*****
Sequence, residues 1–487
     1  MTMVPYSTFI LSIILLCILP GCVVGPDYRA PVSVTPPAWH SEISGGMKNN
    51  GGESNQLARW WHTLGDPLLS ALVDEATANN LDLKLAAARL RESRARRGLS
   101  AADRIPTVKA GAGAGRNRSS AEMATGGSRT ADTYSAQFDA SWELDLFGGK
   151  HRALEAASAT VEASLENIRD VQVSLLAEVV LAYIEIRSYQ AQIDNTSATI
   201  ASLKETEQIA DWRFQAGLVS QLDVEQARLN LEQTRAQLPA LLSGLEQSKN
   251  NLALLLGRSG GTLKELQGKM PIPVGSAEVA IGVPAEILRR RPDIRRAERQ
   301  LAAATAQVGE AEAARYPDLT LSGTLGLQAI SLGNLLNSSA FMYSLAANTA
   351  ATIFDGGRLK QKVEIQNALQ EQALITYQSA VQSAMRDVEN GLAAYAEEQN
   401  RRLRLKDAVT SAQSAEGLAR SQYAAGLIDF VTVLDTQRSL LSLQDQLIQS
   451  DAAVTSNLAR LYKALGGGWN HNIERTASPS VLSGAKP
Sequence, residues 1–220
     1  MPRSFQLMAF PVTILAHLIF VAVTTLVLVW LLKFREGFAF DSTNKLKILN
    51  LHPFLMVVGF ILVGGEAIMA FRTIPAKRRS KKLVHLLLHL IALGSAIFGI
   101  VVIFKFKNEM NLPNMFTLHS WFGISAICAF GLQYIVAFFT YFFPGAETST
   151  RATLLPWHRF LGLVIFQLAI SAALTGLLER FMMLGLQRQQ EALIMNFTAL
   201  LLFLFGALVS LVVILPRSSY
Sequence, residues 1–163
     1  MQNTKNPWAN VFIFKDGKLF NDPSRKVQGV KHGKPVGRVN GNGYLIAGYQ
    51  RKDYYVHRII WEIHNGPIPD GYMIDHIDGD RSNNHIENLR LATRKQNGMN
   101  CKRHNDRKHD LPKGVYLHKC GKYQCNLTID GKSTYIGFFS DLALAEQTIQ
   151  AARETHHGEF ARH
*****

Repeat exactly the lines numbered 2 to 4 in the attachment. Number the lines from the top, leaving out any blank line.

     1  MTMVPYSTFI LSIILLCILP GCVVGPDYRA PVSVTPPAWH SEISGGMKNN
    51  GGESNQLARW WHTLGDPLLS ALVDEATANN LDLKLAAARL RESRARRGLS
   101  AADRIPTVKA GAGAGRNRSS AEMATGGSRT ADTYSAQFDA SWELDLFGGK